between managers and employees is an important issue in
any organization. Employees want guidelines from their supervisors,
and the management wants input from the entire team. Most
companies have little trouble communicating downward, but
getting information to flow upward is more of a challenge.
When employees stay quiet about what they need, the negative
results can include missed opportunities, delayed projects,
and failed initiatives.
reasons for such a communication gap include employees that
think, “I don’t want to appear incompetent,”
and “Who am I to offer ideas to management?”
Additionally, because they know that the management team
is busy with long-term planning and strategic initiatives,
many employees don’t want to interrupt with details
of day-to-day activities. Without that knowledge, however,
managers have a difficult time gauging whether they’re
leading the company effectively.
key to getting employees to communicate better and to keeping
the company’s progress on track is to build a quality
interaction between the employee group and the management
team. Breaking through the barriers and getting employees
and managers working together helps everyone advance a strategic
vision and attain goals. This process includes four elements.
needs. Communication is a two-way process.
Employees have as much responsibility as the management
team for speaking up, setting expectations and requirements,
and communicating barriers and opportunities. Encouraging
employees to communicate with the senior team helps each
group understand the other’s duties and what can be
done given the budget and expectations.
employees to proactively tell the management team what they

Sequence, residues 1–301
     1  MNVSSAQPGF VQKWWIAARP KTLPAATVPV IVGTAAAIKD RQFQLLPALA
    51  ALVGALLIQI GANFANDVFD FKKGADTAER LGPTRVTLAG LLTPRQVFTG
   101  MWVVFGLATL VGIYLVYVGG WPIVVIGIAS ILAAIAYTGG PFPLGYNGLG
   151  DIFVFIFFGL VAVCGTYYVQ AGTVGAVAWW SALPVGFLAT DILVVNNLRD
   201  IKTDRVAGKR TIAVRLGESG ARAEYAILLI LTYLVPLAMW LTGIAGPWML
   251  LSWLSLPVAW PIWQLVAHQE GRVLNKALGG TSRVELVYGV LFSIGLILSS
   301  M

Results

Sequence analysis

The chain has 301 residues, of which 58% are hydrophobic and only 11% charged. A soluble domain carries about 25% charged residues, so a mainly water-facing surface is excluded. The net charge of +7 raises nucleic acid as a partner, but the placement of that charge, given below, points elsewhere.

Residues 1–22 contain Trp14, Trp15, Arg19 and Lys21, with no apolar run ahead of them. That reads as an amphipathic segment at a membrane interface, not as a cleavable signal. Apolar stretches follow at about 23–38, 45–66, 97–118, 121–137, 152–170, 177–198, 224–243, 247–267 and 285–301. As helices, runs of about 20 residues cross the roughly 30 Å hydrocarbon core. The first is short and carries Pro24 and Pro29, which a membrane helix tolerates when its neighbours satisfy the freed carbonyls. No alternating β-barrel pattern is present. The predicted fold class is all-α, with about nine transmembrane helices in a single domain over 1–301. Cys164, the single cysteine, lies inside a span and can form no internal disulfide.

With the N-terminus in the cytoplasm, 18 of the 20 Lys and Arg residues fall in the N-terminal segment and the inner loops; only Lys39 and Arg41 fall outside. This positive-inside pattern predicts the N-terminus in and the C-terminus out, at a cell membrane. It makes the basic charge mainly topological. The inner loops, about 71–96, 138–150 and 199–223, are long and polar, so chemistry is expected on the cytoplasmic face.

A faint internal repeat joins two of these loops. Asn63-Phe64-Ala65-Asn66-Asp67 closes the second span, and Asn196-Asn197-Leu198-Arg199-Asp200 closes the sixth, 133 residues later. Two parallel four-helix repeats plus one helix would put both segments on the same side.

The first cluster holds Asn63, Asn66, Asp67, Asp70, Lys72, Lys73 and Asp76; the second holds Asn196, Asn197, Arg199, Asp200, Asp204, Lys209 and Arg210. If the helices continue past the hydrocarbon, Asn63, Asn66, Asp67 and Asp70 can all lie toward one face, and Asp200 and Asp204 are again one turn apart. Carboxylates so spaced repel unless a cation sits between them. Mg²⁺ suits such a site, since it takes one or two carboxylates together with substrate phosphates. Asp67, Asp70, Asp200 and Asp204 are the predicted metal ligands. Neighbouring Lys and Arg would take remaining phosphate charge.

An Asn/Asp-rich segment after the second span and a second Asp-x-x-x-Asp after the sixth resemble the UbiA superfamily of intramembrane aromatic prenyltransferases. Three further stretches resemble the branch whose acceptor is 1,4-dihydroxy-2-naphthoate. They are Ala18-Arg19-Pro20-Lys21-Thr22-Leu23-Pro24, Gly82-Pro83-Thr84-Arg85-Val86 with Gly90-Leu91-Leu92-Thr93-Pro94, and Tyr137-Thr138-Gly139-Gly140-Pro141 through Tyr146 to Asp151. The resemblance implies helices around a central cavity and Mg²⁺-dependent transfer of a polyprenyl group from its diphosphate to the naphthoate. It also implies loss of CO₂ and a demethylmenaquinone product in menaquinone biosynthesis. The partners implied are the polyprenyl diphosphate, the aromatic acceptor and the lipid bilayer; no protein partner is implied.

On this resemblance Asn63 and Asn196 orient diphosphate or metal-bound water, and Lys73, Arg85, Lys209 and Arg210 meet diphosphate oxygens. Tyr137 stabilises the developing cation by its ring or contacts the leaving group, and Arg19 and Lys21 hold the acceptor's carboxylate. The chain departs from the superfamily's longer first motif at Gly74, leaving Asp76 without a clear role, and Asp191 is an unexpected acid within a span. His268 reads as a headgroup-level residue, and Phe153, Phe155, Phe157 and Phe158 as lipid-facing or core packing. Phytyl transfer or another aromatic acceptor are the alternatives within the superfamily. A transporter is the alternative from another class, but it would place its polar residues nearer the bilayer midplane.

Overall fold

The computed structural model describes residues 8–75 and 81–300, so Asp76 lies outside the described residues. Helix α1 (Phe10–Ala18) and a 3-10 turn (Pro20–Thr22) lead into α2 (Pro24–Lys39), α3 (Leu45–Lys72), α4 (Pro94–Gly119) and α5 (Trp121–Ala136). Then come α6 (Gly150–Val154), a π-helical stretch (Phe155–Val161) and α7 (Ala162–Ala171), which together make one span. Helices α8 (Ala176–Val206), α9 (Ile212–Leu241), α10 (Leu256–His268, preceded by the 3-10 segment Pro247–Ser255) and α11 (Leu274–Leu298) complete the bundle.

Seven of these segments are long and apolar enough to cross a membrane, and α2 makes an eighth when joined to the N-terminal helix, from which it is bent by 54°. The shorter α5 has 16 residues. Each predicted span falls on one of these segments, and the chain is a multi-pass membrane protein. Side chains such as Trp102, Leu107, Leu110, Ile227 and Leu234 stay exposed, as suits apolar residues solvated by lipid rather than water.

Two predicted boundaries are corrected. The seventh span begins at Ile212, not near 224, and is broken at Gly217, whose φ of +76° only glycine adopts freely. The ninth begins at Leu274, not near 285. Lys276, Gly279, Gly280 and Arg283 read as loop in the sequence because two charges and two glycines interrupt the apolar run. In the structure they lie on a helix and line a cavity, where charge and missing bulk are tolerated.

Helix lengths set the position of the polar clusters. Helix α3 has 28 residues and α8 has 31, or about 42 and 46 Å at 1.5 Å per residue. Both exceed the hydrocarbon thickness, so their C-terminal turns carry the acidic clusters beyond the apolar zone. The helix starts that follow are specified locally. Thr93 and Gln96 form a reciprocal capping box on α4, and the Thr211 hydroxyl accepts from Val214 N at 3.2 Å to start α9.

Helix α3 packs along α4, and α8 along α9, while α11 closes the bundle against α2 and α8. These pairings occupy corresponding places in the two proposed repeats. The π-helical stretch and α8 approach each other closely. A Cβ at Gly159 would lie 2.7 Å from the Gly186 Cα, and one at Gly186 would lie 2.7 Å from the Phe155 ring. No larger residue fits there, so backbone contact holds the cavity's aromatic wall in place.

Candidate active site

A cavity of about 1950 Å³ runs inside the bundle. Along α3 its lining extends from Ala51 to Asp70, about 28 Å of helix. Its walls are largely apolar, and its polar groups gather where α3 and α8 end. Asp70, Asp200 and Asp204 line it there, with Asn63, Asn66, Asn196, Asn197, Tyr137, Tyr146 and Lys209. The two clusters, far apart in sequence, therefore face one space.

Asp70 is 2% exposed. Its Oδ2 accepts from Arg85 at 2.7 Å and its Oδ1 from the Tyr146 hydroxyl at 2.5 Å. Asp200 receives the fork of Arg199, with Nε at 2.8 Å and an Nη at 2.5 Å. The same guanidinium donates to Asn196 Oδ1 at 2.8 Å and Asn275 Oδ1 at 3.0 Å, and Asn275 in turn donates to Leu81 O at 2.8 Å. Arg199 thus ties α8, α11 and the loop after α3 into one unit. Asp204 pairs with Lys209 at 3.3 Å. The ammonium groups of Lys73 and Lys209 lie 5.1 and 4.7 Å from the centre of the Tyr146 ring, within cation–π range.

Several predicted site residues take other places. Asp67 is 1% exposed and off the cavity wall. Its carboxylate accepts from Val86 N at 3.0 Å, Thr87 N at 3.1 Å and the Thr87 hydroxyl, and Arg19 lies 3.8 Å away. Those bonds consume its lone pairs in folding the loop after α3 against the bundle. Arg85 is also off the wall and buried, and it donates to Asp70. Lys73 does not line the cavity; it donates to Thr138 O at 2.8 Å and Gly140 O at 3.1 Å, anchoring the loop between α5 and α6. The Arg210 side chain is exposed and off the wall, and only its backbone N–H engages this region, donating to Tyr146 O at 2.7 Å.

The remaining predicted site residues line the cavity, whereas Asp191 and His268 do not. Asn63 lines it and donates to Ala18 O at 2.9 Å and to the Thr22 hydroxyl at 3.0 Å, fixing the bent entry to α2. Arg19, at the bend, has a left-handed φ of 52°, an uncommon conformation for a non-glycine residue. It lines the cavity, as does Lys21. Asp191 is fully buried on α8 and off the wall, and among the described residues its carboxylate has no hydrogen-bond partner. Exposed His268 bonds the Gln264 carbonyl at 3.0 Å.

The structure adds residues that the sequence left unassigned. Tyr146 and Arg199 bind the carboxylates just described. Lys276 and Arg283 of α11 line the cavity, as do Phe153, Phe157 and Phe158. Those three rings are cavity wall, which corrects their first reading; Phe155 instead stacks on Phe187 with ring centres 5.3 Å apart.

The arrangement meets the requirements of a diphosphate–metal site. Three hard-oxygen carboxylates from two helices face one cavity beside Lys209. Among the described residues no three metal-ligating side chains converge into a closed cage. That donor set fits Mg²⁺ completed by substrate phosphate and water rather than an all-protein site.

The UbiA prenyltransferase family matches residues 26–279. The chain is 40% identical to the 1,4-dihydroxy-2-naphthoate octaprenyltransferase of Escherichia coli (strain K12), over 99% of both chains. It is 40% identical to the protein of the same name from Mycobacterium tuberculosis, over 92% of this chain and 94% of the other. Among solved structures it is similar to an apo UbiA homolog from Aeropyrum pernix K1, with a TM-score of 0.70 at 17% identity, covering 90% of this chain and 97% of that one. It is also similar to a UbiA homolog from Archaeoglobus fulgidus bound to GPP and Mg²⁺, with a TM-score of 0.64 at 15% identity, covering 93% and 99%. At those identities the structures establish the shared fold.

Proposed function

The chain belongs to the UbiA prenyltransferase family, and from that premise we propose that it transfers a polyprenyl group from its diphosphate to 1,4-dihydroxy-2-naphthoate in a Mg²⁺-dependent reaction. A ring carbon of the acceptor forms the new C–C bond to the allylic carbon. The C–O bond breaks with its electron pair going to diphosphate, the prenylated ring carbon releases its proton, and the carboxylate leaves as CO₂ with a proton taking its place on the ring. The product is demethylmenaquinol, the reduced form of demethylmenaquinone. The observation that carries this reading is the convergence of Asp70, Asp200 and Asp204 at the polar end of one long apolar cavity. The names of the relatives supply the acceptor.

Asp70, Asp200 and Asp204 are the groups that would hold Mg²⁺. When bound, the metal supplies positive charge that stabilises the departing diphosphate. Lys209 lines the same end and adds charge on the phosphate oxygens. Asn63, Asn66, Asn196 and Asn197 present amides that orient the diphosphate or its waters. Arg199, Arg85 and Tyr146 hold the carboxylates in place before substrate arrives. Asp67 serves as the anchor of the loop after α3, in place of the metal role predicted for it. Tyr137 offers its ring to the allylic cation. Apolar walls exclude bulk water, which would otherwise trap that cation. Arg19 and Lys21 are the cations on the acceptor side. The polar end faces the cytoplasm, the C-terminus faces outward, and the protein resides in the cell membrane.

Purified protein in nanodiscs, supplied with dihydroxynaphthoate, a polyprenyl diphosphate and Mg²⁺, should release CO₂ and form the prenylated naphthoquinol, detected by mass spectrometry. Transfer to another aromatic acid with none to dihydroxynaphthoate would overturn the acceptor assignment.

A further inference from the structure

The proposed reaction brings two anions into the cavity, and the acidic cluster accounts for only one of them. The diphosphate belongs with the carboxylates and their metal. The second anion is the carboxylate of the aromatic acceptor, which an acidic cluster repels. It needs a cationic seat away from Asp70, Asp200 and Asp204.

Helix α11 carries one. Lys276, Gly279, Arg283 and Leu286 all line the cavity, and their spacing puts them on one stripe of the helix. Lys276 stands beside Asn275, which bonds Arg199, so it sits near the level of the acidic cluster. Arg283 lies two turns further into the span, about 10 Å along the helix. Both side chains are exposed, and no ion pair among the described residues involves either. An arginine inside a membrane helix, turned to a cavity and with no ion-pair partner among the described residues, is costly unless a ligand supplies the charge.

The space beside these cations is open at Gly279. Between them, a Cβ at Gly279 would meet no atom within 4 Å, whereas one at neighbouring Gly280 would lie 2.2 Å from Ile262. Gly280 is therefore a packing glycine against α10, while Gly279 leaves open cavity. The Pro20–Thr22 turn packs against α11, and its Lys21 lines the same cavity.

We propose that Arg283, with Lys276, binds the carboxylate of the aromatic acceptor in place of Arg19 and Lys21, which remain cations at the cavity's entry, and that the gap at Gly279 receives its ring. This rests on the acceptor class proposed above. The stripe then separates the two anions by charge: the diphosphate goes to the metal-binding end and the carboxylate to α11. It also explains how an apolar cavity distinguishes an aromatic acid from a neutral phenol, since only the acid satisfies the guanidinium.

are struggling with and how managers can help. Reinforce
the company’s vision and state how current objectives
contribute to it, then explain that the employees’
input is needed to make attaining the vision a reality.
skills and knowledge. While most people are
knowledgeable about and skilled in their own job duties,
many managers are unaware of their employees’ daily
activities. Ask employees to explain what goes into each
project by listing the activities, costs, and time spent
on each. This
dialogue can include reviewing survey results, client satisfaction
ratings, safety metrics, or other factual data. Questions
can spur employees to offer suggestions. Discussing “what
if” scenarios based on suggestions offered enables
employees to see their impact on the bottom line and will
prompt employees to participate in the process.
a motivation cycle. Management input plays
a large part in motivating employees to communicate about
and work toward goals. To make communicating with management
easier, arrange a group conference call so employees can
share their ideas about a particular project or strategic
plan. Set aside a half day to conduct roundtable discussions
with employees that address their concerns. Offer short
one-on-one sessions between managers and employees to discuss
empowerment expectations. An effective work
team must document its common understanding. Like Ken Blanchard’s
One Minute Manager, write a one-minute goal and its requirements
in 400 words or less. Discuss the goals and parameters with
everyone involved before assigning tasks so that the entire
team recognizes and makes any tradeoffs needed to ensure
Keefe is CEO and co-founder of Shared Results International,
a consulting and training firm (www.sharedresults.com).